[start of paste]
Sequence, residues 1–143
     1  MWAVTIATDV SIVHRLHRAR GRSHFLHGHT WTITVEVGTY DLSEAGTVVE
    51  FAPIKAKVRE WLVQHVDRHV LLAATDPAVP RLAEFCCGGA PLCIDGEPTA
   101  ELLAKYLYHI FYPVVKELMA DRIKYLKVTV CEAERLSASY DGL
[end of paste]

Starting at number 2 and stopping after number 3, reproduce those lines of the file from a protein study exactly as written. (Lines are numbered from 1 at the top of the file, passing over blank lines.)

     1  MWAVTIATDV SIVHRLHRAR GRSHFLHGHT WTITVEVGTY DLSEAGTVVE
    51  FAPIKAKVRE WLVQHVDRHV LLAATDPAVP RLAEFCCGGA PLCIDGEPTA